Chief Exec

Before you follow your board's advice, take a hard look at its members.

We frequently hear about companies that go bad because of a lack of financing or profitability. In other cases, the blame for corporate failure falls on bad management decisions. What I want to know is, why aren't we hearing more about boards of directors, made up of those revered individuals who are paid to offer advice, steer a company clear of trouble, and ultimately play a large role in making sure the companies they are guiding deliver shareholder returns? When a company fails, fingers are pointed everywhere but at those who are supposedly accountable for keeping it out of the bushes in the first place. I predict that problems with boards are going to get a lot worse before they get better, which is all the more reason to put the spotlight on what's happening out there.

Five years ago I began to notice a rash of problems at the board level. The root cause at the time was probably the vast amount of money flowing into new businesses, which, in turn, needed new boards. And like seasoned managers, qualified board members became scarce fast. While attending numerous board meetings on behalf of my consulting clients, I started to see freshly minted millionaires with more cash than sense sitting at board tables alongside M.B.A. grads from Stanford whose diplomas weren't even framed yet. Don't get me wrong. I'm all for jumping on an opportunity and learning from the ground up. But the core attributes of a good board member -- wisdom, years of experience, and perspective -- are not easy to come by. If board members lack a basic level of expertise, they easily fall into the it's-all-about-me syndrome, which begets political agendas, conflicts of interest, and sometimes even outright unlawful activity.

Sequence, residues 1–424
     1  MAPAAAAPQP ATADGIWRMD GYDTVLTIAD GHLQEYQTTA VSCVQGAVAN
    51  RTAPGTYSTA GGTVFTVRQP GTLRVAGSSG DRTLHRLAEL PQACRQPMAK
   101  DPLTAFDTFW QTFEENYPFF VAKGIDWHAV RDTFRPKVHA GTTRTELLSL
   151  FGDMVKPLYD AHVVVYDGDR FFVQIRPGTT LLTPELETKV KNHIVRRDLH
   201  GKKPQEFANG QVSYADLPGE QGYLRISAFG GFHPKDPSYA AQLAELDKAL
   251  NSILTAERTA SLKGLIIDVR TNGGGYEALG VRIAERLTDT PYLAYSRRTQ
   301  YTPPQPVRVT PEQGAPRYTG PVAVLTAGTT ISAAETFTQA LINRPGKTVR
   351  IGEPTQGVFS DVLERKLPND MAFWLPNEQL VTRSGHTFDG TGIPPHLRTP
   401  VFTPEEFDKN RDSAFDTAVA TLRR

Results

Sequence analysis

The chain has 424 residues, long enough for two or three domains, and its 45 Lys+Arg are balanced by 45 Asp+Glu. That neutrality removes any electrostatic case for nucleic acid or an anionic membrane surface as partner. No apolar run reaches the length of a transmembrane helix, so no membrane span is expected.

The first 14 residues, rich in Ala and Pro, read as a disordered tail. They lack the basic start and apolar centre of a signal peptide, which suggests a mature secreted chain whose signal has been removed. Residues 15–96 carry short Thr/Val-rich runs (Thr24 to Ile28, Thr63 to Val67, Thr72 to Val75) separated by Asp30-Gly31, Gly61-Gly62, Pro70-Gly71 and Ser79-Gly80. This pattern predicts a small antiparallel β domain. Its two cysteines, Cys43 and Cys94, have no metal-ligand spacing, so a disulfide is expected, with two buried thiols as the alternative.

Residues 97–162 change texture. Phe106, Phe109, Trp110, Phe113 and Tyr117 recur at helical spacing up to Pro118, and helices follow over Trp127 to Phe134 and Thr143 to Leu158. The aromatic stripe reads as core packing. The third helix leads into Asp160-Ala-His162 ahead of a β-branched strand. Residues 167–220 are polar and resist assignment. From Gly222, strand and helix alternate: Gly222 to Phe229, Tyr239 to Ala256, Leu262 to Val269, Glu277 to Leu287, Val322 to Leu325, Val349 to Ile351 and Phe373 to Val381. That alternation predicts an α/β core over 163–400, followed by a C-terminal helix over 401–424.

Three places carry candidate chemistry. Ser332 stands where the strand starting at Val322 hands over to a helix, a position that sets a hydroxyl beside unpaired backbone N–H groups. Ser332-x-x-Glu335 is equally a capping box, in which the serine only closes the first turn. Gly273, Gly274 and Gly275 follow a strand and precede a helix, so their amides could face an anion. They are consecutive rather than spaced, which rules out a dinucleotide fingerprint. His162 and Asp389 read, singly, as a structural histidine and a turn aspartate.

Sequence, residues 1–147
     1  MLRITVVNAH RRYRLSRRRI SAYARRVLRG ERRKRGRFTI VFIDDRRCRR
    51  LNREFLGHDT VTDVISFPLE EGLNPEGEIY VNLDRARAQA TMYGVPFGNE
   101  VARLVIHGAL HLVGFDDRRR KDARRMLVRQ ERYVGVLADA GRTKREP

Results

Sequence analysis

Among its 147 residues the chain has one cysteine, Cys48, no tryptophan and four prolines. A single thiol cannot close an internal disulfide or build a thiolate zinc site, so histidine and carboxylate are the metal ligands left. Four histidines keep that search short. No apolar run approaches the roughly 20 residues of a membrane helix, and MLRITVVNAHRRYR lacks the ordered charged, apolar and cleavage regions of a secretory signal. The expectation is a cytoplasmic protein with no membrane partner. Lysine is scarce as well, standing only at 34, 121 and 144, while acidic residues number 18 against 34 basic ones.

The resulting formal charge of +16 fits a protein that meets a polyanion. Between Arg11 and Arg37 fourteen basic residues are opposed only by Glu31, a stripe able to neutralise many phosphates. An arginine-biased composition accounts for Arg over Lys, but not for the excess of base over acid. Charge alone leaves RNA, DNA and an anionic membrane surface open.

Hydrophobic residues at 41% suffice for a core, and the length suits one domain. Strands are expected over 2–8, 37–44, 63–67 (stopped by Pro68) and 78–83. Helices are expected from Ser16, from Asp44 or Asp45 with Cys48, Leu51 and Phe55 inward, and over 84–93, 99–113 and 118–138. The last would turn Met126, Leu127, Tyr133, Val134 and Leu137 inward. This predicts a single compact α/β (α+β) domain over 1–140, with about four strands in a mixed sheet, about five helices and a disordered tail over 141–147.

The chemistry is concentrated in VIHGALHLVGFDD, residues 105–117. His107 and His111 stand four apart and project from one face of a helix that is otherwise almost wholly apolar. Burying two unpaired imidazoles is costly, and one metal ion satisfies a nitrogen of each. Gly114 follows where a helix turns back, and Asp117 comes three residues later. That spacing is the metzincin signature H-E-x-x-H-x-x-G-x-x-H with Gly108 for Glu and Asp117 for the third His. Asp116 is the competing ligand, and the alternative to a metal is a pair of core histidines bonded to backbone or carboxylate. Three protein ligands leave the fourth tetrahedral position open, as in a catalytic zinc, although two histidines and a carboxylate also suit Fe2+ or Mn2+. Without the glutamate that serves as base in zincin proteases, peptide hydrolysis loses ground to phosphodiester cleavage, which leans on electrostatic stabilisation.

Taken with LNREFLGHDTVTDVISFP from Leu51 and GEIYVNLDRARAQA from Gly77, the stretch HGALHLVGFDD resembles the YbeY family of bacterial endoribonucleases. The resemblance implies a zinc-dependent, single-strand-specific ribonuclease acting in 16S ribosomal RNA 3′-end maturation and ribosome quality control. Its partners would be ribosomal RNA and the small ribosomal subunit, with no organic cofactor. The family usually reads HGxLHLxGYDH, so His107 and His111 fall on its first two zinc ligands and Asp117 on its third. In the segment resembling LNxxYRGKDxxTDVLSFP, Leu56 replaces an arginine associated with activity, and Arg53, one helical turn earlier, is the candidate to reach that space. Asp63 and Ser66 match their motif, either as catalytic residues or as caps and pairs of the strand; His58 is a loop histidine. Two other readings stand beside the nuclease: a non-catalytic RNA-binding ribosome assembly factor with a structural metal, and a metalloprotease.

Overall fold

A colleague of mine, whom we'll call Grant, learned firsthand about the power a single board member can wield. Grant had left his job as vice-president at one company to become CEO at another. That was two years ago, at the height of the technology boom. His new employer was generating revenues, was almost profitable, and had a strong customer base. Grant's job was to raise additional funding and grow the business. The board -- consisting of three venture capitalists and one independently wealthy investor -- supported that endeavor, so Grant got the paperwork ready for another financing round. But the day before the signing, the wealthy investor met with Grant to tell him he had another venture in mind for Grant and his new management team. It would require that Grant and his managers jump ship and join the board member's new company. To prove his intentions, the member handed Grant a check for $5 million on the spot. Grant thought, "Is this guy insane?" Forget the fact that what he was proposing was unethical. It was downright illegal. Grant could have been sued for not fulfilling the financial obligations of his job and also for accepting the money and then poaching his own team. For his part, the board member couldn't figure out what the big deal was all about. He had a good idea and lots of money, and he needed a good manager. The company be damned. It was as simple as that. CEOs, he thought, could do anything they wanted. When Grant said no, the board member pulled his money out of Grant's company. The other VCs took the withdrawal of funding as a lack of confidence and declined to put in additional dollars. Had Grant revealed the truth of the matter, he might have had another legal battle on his hands -- but this one among the board members. So rather than risk damaging his name and reputation by exposing the board member (and face multiple legal hassles), Grant did what many in his place would have done: he resigned and kept his mouth shut. The industry is small and the network tight. If Grant had blabbed, he might have had a harder time finding another job or getting money or recruiting a good board at his next company.